8. Chris Rodriguez Jr., RB, Kentucky

Chris Rodriguez Jr. is one of the most underrated prospects in the 2023 NFL Draft. It took the fifth-year running back time to make his mark, but thanks to Liam Coen and Will Levis, Rodriguez became a household name in the SEC in 2021.

Serving as the lead back in a Sean McVay-ish offensive scheme resulted in a stellar stat line for the Wildcat veteran. His 225 carries for 1378 yards ranked among the best in the conference, and Rodriguez even found the end zone ten times. He is playing just as well in 2022, averaging over 100 yards per contest.

Rodriguez wins by trusting his offensive line and allowing them to create the space for him to operate. He is savvy and knows when to be patient and when to get aggressive to make a big play on his own. Rodriguez’s motor will earn him favor from many scouts, as he runs like a bull in a China shop every snap.

Rodriguez has not been much of a pass catcher in college, mainly due to the scheme. His speed will be another knock on the resume, as Rodriguez rarely leaves defenders in the dust. These concerns are enough to knock him down the list but not enough to dissuade me from placing him as the No. 8 running back in the 2023 NFL Draft.

Grade: Top 100 (Late Day 2/Early Day 3)

9. Deuce Vaughn, RB, Kansas State

The Darren Sproles comparisons get lobbed at Deuce Vaughn constantly, and while I can see the vision, Maurice Jones-Drew feels like a more apt comparison. Sproles, as impressive as he was in the NFL, never showed an ability to handle the load as an RB1.

Deuce Vaughn can do that. Admittedly, Vaughn looks like the spitting image of Sproles as a pass catcher. They boast similar frames, and if you squint your eyes, Darren Sproles’ highlights look just like Deuce Vaughn’s.

Where Vaughn separates himself from Sproles is his ability to churn his legs between the tackles. His vision is an underrated asset, and the burst out of the backfield will be a weapon for whichever NFL team selects him.

Vaughn is the best pass catcher at running back in the 2023 NFL Draft. That is not a statement that is made lightly, as we have already highlighted the bevy of pass-catching running backs in this class. His hands are superb, and his ability to create after the catch is remarkable.

His size will be a knock, as will his lack of patience as a runner. He has strong vision but too often lacks the patience and instead tries to barrel through the line of scrimmage, resulting in negative gains. His ceiling is MJD, and his floor is Darren Sproles, making Deuce Vaughn one of the safer picks in this class.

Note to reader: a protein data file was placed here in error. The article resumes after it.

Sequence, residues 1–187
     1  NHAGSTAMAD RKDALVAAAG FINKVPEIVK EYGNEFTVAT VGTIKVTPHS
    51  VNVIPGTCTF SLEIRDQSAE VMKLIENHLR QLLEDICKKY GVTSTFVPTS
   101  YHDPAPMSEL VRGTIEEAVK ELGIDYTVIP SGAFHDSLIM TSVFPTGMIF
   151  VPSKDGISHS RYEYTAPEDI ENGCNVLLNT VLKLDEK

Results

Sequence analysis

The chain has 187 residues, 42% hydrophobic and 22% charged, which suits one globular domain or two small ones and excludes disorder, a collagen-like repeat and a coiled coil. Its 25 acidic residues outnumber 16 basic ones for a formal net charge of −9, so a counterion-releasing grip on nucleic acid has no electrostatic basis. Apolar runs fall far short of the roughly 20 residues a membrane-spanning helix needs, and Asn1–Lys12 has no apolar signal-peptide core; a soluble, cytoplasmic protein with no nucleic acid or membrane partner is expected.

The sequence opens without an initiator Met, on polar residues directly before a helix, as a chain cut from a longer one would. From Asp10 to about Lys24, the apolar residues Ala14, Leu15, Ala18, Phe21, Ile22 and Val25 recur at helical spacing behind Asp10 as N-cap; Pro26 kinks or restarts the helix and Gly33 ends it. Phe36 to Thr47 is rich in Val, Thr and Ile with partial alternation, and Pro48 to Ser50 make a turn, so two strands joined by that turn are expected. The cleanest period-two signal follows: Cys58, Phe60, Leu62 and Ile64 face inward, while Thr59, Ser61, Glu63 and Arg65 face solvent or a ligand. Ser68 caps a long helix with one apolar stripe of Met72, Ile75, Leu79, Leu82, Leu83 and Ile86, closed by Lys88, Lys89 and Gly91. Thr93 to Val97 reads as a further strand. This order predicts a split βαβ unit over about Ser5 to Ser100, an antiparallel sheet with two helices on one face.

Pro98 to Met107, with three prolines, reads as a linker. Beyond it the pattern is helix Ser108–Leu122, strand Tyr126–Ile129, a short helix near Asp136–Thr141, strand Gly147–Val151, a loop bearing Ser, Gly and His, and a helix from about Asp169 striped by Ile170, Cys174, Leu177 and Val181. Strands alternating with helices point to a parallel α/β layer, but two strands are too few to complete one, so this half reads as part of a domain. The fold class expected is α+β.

Grade: Top 100 (Late Day 2/Early Day 3)

10. Israel Abanikanda, RB, Pittsburgh

The last player in this top ten is another prospect witnessing a breakout season in 2022. Pittsburgh Panther feature back, Israel Abanikanda, is one of the hottest names on the NFL Draft trail.

Abanikanda played sparingly with Kenny Pickett in 2021, but after a re-shuffling of the deck with Pitt, the game-breaking running back became the primary focus of the offensive game plan in 2022. Abanikanda has already run the ball 207 times for 1207 yards in nine games, chipping in 17 touchdowns to boot.


Abanikanda’s pass-catching numbers have taken a hit this season, but that is through no fault of his own. The scheme has become more run-oriented and less pass-happy, which naturally cuts down on his ability to make plays through the air. He possesses an ideal frame and athletic profile for an NFL running back, but Abanikanda is not without his concerns.

The “one-year wonder” label is a real one and something that Abanikanda must work to shed. Although he checks all the boxes athletically, Abanikanda has work to do when it comes to the nuances of the position. Knowing when to attack a hole or when to be patient and let the play develop is a concern with his tape.

Still, with an early day three selection in the 2023 NFL Draft, Israel Abanikanda is worth the shot every time. His athletic profile is special, so get him in the building and allow the coaching staff to do their job by tapping into his unfound potential.

Grade: Top 125 (Early Day 3)

2023 NFL Draft Honorable Mentions:

-Zach Charbonnet, RB, UCLA (Early Day 3)

-Eric Gray, RB, Oklahoma (Early Day 3)

-DeWayne McBride, RB, UAB (Early Day 3)

-Mo Ibrahim, RB, Minnesota (Early Day 3)

-Lew Nichols III, RB, Central Michigan (Early Day 3)